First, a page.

Brooklyn Botanic Garden President and CEO Adrian Benepe (left) and Portland Japanese Garden and Japan Institute CEO Steve Bloom cut the ribbon to commemorate the installation of the Peace Lantern. Courtesy of Brooklyn Botanic Garden, photo by Sean Chee.

This gift marks the first time Japan Institute has donated a Peace Lantern to an American site. There might be no more fitting location to join Portland Japanese Garden. As Brooklyn Botanic Garden notes, their Japanese Hill-and-Pond Garden, opened in 1915, “is one of the oldest and most visited Japanese-inspired gardens outside Japan. Designed by Japanese-American landscape architect Takeo Shiota, the Japanese Hill-and-Pond Garden was the first Japanese garden in an American public botanic garden, blending the ancient hill-and-pond style and the more recent stroll-garden style, in which various landscape features are gradually revealed along winding paths. The garden features artificial hills contoured around a pond, a waterfall, and an island, along with carefully placed rocks. Architectural elements include wooden bridges, stone lanterns, a viewing pavilion, a Shinto shrine, and a dramatic vermilion-colored wooden torii [traditional Japanese gate, commonly found adjacent to Shinto shrines].

The two public gardens also share a common thread in Professor Takuma Tono of Tokyo Agricultural University (1891-1967). Professor Tono was the original designer of Portland Japanese Garden and was the progenitor of the idea that the attraction should contain multiple garden styles, each depicting aesthetics tied to specific historical eras in Japan. Before Tono was retained by the Garden, he had become known in the gardening community through his recreation of the famed raked gravel garden of Ryoanji at Brooklyn Botanic Garden. The idea of a garden where the only plant life would be incidental moss was, at the time, astonishing to many Westerners, to the degree that Tono’s work inspired an article in a 1963 issue of The New Yorker, where its writer grappled with the concept of what a garden could actually be.

To help figure out the proper location for its installation, Hugo Torii, Garden Curator of Portland Japanese Garden visited Brooklyn ahead of his colleagues earlier in the month. After meeting with Brooklyn Botanic Garden’s staff, Torii worked alongside members of their team, including Vice President of Horticulture, Rowan Blaik, and Director of Horticulture, Shauna Moore to physically place the lantern near a path. Torii described the location, an intersection that is near more than 200 cherry trees, as a “beautiful setting” and was touched by his counterparts’ genuine appreciation for the Peace Lantern.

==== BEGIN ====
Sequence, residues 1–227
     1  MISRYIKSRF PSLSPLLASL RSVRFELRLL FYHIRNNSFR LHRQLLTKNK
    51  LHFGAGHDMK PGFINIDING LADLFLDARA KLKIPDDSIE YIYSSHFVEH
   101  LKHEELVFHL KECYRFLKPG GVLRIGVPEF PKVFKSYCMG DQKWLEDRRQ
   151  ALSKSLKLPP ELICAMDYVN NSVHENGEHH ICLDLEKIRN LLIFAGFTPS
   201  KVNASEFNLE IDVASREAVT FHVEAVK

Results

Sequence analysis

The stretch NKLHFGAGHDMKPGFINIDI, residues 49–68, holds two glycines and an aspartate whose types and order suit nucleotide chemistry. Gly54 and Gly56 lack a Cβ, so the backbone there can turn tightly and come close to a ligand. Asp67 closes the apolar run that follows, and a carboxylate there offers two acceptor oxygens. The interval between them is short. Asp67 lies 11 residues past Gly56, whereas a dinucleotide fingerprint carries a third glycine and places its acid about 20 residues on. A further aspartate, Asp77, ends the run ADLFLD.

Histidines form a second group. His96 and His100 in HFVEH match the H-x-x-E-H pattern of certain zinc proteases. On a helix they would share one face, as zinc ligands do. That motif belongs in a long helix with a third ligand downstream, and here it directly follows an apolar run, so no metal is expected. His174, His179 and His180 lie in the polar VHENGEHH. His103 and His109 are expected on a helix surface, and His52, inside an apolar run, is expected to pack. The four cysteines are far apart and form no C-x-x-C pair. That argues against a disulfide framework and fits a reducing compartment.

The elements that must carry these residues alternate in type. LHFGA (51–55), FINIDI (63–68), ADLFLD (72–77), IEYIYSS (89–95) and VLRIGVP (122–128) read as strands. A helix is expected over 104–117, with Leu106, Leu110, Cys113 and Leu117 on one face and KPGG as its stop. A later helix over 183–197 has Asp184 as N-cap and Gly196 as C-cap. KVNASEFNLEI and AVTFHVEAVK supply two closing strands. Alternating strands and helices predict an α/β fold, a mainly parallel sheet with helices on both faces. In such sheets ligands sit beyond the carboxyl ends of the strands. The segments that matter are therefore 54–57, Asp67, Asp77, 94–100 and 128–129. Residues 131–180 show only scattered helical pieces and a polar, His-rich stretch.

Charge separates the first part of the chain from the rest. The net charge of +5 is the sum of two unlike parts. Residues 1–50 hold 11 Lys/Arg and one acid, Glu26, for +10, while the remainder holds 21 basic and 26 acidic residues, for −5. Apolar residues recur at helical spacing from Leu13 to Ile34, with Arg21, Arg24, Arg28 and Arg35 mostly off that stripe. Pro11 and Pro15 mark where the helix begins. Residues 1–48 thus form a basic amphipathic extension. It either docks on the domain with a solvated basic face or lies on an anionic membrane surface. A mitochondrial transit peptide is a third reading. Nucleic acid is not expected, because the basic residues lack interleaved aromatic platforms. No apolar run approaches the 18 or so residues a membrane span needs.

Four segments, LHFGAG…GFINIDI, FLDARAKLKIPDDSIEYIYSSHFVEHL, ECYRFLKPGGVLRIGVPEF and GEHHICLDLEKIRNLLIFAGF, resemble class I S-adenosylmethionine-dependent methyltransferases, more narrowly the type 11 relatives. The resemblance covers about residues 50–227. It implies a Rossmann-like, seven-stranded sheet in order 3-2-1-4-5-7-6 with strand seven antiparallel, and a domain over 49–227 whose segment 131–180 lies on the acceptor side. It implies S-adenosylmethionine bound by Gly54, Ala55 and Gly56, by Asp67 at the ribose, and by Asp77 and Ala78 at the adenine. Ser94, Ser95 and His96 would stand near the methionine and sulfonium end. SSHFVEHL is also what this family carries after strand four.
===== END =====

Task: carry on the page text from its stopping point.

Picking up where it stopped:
A Symbol of Good Luck Joins the Symbol of Peace

In between the Peace Lantern and Brooklyn Botanic Garden President and CEO Adrian Benepe, a crane looks on. Photo by Lisa Christy.

The presentation of the Peace Lantern, which included leadership from both gardens, was made all the more auspicious by a guest who decided to fly in for the proceedings: a crane. In Japan, the crane, or tsuru, is a national treasure and is considered the bird of happiness. It is depicted in art, literature, and mythology as a symbol of good luck and longevity because it is said to live 1,000 years. In more recent years, particularly after World War II, the crane has become a symbol of peace, hope, and healing during challenging times.

Adrian Benepe, President and CEO of Brooklyn Botanic Garden, who stopped to acknowledge the presence of the feathered guest, was the first to deliver remarks and shared incredibly kind words about Portland Japanese Garden. “We aspire to be as a great a Japanese garden as the one in Portland,” he remarked. “We’re good. They’re great. If you haven’t been there and you want to see the best Japanese style garden outside of Japan, you need to go to Portland, Oregon.”

“Brooklyn Botanic Garden is honored to receive this symbol of peace for our Japanese Hill-and-Pond Garden,” Benepe also shared. “We thank Japan Institute of Portland Japanese Garden for bestowing this beautiful lantern, which represents the friendship and shared mission between our two institutions as well as unity among all the Peace Lantern sites. Generations of New Yorkers and visitors from around the world have come to Brooklyn Botanic Garden’s Japanese Hill-and-Pond Garden to find tranquility and restoration, and generations more will encounter and be inspired by this new symbol of peace.”

“It’s a thrill to see our Peace Lantern in Brooklyn Botanic Garden,” shared Lisa Christy, Executive Director of Portland Japanese Garden, after the event concluded. “Brooklyn Botanic Garden has one of the oldest and most visited Japanese-inspired gardens outside Japan. Having our Peace Lantern here not only brings this message of peace and hope to so many more people around the world but marks a budding coast-to-coast partnership for peace for years to come”

Slide Show: Peace Lanterns Around the World